As a naturally high-anxiety sort of girl, I am doing my best to stay flexible, positive, and calm as I navigate this change and uncertainty. I realize how much I have to be thankful for, especially as a first-year teacher, coming from out of state, during a time when the teaching market in PA is miserable for new and veteran teachers alike. It's impossible to figure out what the future will hold, so I'm eager to prove myself to my administration, co-workers, and students. I'm working hard to show them that I want, value, and deserve a career here; and I'm doing my best to repress the worry that I'm busting my butt so hard to build a career that I might have to completely abandon in a few weeks or months, depending on the outcome of several variables that I am (mostly) powerless to control. The truth is that I do want to prove myself in all of these capacities -- genuinely! -- and that I also am wary of burning bridges. I used to have a sign in one of my classrooms that said, "Attitude is Everything!" Some of my high schoolers thought it was a corny sentiment, but I still like to say it to my students and myself. Regardless of all the worries I confront and, honestly, sometimes succumb to in the privacy of my home, while I'm working I adopt the attitude of: This is my job. This will continue to be my job. I am building a career that could last a lifetime. When you're a teacher, stability and confidence mean a lot not only to yourself, but also to the students you work with each day. Even if I don't have it all figured out, I allow my students to be a motivating factor in adopting a positive attitude and keeping it all together during the hours of 7am-4pm. I am present and focused and dedicated to their learning because they need and deserve that regardless of whatever other crap I have swirling around in my life. Plus, being a teacher is really cool. My current students are pretty awesome. =)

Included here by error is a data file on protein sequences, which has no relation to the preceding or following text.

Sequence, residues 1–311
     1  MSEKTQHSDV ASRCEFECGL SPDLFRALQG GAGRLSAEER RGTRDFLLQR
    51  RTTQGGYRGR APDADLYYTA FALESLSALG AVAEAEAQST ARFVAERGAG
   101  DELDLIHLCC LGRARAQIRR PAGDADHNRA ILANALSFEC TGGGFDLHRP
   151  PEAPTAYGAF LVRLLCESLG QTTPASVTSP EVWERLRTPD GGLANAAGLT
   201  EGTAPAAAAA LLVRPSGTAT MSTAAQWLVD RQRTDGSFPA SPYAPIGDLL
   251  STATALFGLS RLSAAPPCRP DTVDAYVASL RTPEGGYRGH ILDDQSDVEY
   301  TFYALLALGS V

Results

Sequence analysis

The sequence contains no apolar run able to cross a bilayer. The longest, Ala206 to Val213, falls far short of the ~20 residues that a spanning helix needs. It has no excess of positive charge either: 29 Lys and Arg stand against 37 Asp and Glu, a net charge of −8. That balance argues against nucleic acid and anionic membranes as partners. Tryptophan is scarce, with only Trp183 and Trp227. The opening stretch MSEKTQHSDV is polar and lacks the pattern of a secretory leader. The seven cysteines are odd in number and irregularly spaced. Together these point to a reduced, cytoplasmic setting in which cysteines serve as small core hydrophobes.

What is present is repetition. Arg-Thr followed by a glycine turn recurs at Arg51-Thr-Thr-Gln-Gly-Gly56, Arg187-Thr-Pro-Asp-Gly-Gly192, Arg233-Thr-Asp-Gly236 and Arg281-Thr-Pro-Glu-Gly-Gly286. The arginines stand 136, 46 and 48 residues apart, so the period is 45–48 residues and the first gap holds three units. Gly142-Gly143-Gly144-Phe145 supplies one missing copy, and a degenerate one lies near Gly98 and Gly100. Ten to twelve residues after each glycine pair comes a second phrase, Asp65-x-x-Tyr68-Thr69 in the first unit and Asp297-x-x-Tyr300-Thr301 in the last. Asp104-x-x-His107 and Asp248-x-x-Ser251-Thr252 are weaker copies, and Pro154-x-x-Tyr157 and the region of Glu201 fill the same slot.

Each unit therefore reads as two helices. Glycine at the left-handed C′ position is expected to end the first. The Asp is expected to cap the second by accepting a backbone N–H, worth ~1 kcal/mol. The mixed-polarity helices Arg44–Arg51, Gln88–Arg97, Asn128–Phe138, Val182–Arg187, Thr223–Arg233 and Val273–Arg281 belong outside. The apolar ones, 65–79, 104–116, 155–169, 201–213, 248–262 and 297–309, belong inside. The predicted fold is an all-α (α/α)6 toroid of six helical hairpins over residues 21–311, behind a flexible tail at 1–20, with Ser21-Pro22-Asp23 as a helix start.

Somehow, I've also been finding little scraps of time here and there to write again. I abandoned my first novel pretty much five minutes after my grad program began to swing into full gear, and I haven't really had the energy, the drive, or the inspiration to write much since then. Lately, that's beginning to change. I've written here and there especially in the past couple of months, even with how crazy I've been. It's a nice distraction. Plus, my resolution to read at least one book for pleasure each month (I know it sounds like nothing; but when you're constantly busy and you read a lot of required books that you have to teach at school, the reading-for-pleasure time really dwindles) has allowed me to have more creative inspiration than I've had in a while. I'm craving a time when there isn't a pile of work and other distractions to keep me from focusing my energy more directly on my writing goals, but again, I don't know if and when that will come. For now, just a little bit here and there makes me feel pretty darn good.

So -- I think that about covers it.